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Mount Everest Getty Images 1.jpg

Suck It, Nature: Humans Can Now Go Back To Ruining Mount Everest as Nepal Reopens the Mountain For Climbers

By Kayleigh Donaldson | Miscellaneous | November 30, 2020 |

By Kayleigh Donaldson | Miscellaneous | November 30, 2020 |

Mount Everest Getty Images 1.jpg

The world basically shut down this year thanks to the COVID-19 pandemic, and often in very unexpected ways. The government of Nepal made the decision to close its mountains to climbers in March, including the granddaddy of them all, Mount Everest. Nepal is home to eight of the world’s 14 highest mountains, and a significant portion of its annual GDP comes from tourists visiting the country, mostly with the intention of climbing them.

Everest expeditions alone contributed more than $300 million to the Nepalese government last year, according to Business Week. Last year was also one of the deadliest on record for the mountain, which faced overcrowding after the government issued a record number of permits. The government was accused of cashing in on people’s arrogance, with many climbers ill-prepared for the task and equipped with shoddy oxygen tanks sold on the black market. Overcrowding was such a major issue in 2019 that this image went viral, revealing in a truly horrifying manner how scaling Everest had led to full-on traffic jams.

Understandably, Nepal decided to close the mountains during a period of worldwide medical danger centered on a respiratory condition. Seems like common sense. This hit the country hard, as they had set themselves an ambitious and deeply questionable target of welcoming 2 million visitors to the country this year, almost double 2019’s number. As a result, the country’s economy has been hit hard, particularly the 100,000-plus Sherpa people of the nation who assist climbers up the mountain.

Nepal is now ready to open for business once more. The Ministry of Culture, Tourism and Civil Aviation permitted flights to resume in September, subject to several restrictions. The mountains weren’t open to trekkers until last month. Tourists must submit proof of a negative COVID-19 test taken in the past 72 hours, and they are also required to quarantine in a hotel for seven days before heading into the mountains. They must also have their own travel insurance that provides COVID protection. This isn’t a great season for climbing, with most mountaineers preferring Spring for the Himalayas. Nepal is also preparing for a surge in climbers in 2021, and the dangers that may bring.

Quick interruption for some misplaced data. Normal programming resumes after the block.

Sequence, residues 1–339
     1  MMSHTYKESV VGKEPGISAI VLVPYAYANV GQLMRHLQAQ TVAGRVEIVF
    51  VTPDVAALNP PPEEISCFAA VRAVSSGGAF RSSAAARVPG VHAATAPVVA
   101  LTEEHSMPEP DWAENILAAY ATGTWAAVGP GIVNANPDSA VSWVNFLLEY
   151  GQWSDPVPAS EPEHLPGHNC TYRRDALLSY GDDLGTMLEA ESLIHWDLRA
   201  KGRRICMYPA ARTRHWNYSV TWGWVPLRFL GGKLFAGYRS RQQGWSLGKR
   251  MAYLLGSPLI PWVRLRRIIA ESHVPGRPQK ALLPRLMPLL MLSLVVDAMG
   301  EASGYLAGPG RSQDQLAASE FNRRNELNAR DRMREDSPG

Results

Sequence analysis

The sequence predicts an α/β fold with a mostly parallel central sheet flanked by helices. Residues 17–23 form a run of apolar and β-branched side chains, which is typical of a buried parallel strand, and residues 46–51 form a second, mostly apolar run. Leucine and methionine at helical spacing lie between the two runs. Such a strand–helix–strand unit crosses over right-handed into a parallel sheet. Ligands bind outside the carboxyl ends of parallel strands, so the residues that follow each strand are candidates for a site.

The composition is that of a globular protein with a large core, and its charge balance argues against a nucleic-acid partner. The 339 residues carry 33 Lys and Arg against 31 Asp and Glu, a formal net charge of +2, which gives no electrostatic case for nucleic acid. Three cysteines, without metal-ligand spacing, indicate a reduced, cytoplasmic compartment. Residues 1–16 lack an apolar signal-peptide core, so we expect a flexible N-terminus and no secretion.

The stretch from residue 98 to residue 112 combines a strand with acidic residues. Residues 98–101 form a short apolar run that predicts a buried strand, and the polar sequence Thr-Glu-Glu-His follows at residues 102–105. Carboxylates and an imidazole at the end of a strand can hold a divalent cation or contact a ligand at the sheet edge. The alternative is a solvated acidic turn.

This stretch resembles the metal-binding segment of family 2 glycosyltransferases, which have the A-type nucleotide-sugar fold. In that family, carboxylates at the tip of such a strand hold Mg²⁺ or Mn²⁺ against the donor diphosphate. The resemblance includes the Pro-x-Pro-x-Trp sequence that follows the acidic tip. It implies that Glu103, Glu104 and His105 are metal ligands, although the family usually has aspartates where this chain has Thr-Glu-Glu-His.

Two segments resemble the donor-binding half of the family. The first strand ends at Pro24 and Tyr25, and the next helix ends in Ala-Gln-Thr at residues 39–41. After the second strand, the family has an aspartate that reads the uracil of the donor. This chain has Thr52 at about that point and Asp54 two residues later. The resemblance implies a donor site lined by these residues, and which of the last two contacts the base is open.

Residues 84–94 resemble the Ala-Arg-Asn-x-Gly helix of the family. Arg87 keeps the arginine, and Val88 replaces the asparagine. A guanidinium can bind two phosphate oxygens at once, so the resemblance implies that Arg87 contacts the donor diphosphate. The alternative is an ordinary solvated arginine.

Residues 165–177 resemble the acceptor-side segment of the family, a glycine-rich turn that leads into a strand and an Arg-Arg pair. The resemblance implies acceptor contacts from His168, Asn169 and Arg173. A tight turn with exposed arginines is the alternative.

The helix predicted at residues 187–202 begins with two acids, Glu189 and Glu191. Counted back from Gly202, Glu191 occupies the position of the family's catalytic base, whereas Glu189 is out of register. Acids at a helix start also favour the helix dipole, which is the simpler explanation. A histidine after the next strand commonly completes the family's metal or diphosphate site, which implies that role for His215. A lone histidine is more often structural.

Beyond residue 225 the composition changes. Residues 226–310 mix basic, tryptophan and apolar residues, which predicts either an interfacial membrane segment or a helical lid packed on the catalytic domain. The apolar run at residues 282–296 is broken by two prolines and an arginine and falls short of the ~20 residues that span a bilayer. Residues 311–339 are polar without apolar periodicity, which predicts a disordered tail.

So, if you’ve got a minor death wish, love trashing nature, and need the ultimate selfie, step right up!

Humanity’s endless trashing of Everest has been well-documented. This month, it was revealed that microplastic pollution has been discovered in snow close to the peak. Yup, we’ve even managed to drag our crap up an 8,850-metre mountain. Well done, us. It wasn’t enough for us to litter the side of Everest with abandoned oxygen tanks, general rubbish, and our feces. Last year, a cleanup crew removed around 60,000 pounds of trash from the mountain.

Maybe just stay at home and watch Everest instead?

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Kayleigh is a features writer for Pajiba. You can follow her on Twitter or listen to her podcast, The Hollywood Read.

Header Image Source: Getty Images.